Trump says war in Ukraine wouldn’t have happened if he were president, brags he could end it

Published by
Peter Kavinsky

Donald Trump boasted that the war in Ukraine “wouldn’t have happened if I were president”.

“Russia’s President Putin is now threatening the use of nuclear weapons, saying ‘it’s not a bluff,'” Trump wrote in Truth Social on Wednesday.

“The Ukrainian conflict should never have happened, and it wouldn’t have happened if I were president. But as I made clear a while ago, this could now end up being World War III,” he added.

During a phone interview with Newsmax on Tuesday, Trump said he would meet with Vladimir Putin to stop the war in Ukraine if he were still president.

Host Rob Finnerty said: “Speaking of Russia, Vladimir Putin wanted to show Russian strength in Ukraine when he invaded in February. Mr President, the opposite is happening, that is clear. If you were in the Oval Office today, what else would you do to get directly involved with Vladimir Putin to try to get him to stop this war?”

“Well, I would talk to him, I would meet with him,” Trump said. “I mean, there’s no communication with him with Biden, obviously.”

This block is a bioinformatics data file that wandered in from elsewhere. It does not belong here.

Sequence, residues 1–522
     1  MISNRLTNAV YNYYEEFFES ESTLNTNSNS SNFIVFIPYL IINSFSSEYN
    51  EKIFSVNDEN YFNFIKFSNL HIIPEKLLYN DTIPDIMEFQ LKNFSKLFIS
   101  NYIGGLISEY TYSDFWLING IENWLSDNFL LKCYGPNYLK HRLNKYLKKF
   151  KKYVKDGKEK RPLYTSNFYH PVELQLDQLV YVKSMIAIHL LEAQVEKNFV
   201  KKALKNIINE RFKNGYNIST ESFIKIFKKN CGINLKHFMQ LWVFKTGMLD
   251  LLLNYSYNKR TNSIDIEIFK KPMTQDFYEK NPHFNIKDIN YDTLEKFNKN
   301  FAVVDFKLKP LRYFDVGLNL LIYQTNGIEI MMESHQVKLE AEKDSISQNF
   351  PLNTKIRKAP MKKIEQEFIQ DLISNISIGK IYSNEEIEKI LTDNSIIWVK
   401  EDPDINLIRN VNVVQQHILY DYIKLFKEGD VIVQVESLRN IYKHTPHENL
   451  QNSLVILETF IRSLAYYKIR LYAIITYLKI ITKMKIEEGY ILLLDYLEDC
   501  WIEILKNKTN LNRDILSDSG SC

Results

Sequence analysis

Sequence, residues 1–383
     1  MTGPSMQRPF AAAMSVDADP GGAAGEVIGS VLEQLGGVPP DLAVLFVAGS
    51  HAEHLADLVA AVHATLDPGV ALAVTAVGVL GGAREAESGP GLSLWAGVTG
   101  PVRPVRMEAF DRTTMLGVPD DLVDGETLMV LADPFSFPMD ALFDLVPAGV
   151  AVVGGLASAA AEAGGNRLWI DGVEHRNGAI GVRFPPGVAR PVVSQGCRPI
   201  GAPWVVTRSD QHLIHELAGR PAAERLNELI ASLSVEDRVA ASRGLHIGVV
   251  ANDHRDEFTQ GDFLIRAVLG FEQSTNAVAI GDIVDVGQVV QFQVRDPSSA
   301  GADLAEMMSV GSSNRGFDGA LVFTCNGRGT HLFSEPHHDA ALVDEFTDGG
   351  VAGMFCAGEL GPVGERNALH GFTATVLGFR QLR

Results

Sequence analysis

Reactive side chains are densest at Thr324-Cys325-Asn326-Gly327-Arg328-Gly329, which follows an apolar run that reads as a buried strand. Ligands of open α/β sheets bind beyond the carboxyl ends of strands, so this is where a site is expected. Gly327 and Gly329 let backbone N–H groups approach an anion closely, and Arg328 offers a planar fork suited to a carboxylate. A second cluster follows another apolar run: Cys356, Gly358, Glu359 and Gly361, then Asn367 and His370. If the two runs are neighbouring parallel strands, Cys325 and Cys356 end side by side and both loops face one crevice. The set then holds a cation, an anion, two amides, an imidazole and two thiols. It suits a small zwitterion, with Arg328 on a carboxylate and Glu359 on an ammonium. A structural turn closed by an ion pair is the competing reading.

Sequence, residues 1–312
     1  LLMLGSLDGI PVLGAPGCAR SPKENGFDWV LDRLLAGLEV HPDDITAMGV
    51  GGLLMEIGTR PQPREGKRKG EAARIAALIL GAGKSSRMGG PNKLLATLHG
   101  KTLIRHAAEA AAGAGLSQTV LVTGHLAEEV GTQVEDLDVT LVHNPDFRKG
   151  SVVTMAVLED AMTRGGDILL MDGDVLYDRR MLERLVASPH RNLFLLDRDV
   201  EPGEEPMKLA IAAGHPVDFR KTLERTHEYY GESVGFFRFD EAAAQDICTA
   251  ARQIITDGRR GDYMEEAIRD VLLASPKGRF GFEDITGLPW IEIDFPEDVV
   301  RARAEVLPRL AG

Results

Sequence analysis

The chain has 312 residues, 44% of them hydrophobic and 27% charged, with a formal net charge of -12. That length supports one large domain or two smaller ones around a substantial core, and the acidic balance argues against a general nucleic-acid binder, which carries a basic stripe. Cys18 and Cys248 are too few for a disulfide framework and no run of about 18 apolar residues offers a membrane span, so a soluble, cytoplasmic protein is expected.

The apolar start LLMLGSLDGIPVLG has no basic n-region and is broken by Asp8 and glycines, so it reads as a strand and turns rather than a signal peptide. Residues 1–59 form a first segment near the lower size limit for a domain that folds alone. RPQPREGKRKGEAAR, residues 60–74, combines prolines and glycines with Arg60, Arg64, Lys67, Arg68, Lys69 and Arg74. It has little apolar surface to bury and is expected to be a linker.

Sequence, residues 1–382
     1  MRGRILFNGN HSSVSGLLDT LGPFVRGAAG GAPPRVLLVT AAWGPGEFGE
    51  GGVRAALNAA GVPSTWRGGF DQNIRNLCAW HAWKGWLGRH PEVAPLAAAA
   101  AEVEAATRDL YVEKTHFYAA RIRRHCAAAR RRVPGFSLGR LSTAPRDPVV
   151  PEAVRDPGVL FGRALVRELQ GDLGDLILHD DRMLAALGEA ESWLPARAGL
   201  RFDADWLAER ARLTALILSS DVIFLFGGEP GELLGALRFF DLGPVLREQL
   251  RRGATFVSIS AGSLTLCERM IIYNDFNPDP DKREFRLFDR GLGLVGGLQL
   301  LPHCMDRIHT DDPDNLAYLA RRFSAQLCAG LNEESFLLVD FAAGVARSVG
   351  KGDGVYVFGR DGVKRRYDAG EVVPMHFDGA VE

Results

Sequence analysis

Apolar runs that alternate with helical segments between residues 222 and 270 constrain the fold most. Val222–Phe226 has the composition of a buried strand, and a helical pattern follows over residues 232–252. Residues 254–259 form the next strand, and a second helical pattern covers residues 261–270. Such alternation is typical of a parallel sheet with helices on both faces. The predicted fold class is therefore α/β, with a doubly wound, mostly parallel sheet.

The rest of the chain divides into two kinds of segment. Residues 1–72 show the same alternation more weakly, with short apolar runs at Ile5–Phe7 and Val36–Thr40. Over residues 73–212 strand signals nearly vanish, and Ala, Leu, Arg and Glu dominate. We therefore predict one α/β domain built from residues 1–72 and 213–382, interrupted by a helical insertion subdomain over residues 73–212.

“There is not a lot of communication between Biden and these leaders. They’re quite brutal and they’re people you have to know how to deal with and we’ve dealt with them well with China,” he added.

“We have received hundreds of billions of dollars in tariffs from China, and there has never been any talk of entering Taiwan, but there is no one to talk to from the United States. [States]. Who did we send there to talk to you?” he asked.

“They have to respect your leadership, if they don’t respect your leadership, they will run over you,” said the former president.

Putin increased his stake in the war on Wednesday, announcing that some 300,000 reservists would be called to join the military ranks. He also reprimanded the West for its support of Ukraine and issued a sinister threat to use nuclear weapons, according to The New York Times newspaper.

In a speech, Putin declined to announce a full national project, revealing a “partial mobilization” of Russians with experience in the military.

Despite major setbacks, as Ukraine retook large swaths of land, Putin said his goals remained unchanged. He said the mobilization effort was “necessary and urgent” as the West “crossed all lines” in providing Ukraine with advanced weaponry.

The Russian president claimed that Europe and the US were committing “nuclear blackmail” and noted that Russia also has “a lot of weapons”.

“Whoever is allowed such statements about Russia, I want to remind you that our country also has several means of destruction, and some components are more modern than those of NATO countries,” he said.

He added that Russia would be willing to use any means necessary to protect what it considers its territory, which includes parts of Ukraine.

“If our country’s territorial integrity is threatened, we will certainly use all means at our disposal to protect Russia and our people,” he said. The New York Times newspaper. “This is not a bluff.”

Peter Kavinsky

Peter Kavinsky is the Executive Editor at

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